All students may access Bridges services free of charge.

WHY WE NEED BRIDGES IN TAOS

For all its rich natural, cultural, and human resources, Taos can be a challenging place to grow up. The high rate of children in poverty—38% in 2015, significantly greater than the 30% figure statewide—correlates, as it does nationally, with a low level of educational attainment.

For many in Taos, education must take a back seat as families struggle to satisfy their basic needs. The lower tax base means local school systems have fewer funds to support college counselors, and parents whose transition to adulthood did not include college often find it difficult to guide their own children toward an unfamiliar experience. Without additional support, the cycle continues, with each generation increasingly marginalized by fewer options and opportunities.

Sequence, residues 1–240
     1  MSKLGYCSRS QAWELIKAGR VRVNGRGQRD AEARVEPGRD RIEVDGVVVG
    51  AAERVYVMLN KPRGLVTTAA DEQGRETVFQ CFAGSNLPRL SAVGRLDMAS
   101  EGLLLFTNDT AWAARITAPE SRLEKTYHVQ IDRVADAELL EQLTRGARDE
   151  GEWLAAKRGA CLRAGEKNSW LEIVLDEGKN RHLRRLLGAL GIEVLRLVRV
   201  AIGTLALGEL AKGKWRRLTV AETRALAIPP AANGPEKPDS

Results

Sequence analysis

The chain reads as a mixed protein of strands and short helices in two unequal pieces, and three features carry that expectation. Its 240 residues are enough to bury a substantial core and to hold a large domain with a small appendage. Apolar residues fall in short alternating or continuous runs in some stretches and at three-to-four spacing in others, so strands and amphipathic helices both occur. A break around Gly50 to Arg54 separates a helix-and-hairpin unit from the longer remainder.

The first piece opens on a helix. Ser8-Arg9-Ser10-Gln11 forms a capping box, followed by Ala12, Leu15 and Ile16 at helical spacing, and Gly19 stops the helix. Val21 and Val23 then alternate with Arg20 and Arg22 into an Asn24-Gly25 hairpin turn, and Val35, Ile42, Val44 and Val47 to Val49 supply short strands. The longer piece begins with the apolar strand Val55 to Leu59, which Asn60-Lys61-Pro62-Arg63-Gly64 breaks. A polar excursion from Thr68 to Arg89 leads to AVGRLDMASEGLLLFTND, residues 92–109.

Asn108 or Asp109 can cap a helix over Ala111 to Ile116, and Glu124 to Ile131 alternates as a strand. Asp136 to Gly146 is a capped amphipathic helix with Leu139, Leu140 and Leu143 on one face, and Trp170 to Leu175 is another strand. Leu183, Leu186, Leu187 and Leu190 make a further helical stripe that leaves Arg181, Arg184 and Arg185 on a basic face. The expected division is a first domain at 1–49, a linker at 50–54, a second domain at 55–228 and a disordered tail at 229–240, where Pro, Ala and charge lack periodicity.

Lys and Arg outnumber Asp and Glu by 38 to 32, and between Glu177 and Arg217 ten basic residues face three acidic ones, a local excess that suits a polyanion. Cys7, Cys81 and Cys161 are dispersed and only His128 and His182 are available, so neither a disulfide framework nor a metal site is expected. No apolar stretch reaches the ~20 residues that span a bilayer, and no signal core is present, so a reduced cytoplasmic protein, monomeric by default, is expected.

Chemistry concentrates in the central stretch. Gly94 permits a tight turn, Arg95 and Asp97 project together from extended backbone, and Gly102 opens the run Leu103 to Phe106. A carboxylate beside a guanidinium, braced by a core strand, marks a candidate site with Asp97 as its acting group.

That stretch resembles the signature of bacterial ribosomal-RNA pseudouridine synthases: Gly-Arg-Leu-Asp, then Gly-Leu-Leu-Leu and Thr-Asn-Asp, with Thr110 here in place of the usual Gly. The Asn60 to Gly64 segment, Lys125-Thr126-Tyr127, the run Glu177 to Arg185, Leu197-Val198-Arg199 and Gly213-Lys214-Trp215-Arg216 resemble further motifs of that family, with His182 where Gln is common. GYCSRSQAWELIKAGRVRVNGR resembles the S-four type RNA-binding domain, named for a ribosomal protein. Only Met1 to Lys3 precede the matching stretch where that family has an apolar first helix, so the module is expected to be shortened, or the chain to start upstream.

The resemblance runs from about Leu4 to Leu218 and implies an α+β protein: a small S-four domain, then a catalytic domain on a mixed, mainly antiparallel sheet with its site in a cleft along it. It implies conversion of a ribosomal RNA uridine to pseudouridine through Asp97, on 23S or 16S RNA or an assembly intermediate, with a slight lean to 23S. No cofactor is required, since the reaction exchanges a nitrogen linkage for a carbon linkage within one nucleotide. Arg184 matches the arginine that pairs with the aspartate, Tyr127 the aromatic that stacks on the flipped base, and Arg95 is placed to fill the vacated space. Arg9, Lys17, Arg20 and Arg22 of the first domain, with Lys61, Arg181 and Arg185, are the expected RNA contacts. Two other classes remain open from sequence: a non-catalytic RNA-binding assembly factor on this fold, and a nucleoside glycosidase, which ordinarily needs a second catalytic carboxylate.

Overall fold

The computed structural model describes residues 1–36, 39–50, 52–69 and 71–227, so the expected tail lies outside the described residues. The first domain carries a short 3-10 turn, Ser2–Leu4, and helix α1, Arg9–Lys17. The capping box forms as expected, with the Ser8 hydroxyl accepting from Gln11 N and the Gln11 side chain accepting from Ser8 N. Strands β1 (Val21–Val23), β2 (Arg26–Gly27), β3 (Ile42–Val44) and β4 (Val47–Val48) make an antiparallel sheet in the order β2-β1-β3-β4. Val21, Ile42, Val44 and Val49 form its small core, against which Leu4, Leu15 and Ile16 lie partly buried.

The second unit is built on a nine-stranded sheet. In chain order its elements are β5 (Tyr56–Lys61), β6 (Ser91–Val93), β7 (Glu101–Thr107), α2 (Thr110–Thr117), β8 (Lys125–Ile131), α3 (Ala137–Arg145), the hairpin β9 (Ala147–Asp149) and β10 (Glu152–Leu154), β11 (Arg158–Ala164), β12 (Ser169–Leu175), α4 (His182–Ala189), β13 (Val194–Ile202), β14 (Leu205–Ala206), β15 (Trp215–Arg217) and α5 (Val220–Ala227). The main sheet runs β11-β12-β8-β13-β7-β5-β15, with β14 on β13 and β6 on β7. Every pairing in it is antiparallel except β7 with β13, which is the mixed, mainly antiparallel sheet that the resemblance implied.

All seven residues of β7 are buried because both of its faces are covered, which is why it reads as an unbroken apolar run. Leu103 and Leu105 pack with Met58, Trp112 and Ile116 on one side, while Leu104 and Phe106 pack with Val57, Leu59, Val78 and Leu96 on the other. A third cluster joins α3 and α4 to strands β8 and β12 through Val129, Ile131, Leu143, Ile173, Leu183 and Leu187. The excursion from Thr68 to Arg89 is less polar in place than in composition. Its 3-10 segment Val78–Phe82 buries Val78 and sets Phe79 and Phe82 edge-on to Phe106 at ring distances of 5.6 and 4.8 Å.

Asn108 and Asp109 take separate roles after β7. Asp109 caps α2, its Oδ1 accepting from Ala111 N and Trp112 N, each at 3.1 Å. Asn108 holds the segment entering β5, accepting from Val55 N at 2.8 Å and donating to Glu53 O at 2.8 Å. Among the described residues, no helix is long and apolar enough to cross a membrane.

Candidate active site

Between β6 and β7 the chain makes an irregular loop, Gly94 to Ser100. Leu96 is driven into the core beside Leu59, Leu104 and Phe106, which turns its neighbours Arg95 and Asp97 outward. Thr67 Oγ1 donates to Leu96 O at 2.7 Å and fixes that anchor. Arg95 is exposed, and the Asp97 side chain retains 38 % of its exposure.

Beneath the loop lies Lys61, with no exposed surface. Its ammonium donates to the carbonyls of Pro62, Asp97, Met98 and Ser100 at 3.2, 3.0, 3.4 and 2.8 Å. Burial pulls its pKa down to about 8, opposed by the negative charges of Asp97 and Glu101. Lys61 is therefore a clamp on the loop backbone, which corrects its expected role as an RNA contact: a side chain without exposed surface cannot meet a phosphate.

Bridges believes that Taos County's strength lies in its diversity—and its inclusiveness.

Three facts add particular urgency.

  • By the year 2020, experts predict, 65% of the nation's jobs will require a career certificate or college degree. Currently? Fewer than 30% of our adults are likely to qualify.
  • Among degree holders in Taos County, white non-Hispanic residents outnumber Hispanic and others by a factor of three to one. Validated research confirms that disparities in college access disproportionately affect minority, lower-income and first-generation students, and we see that played out, grievously, in our own communities.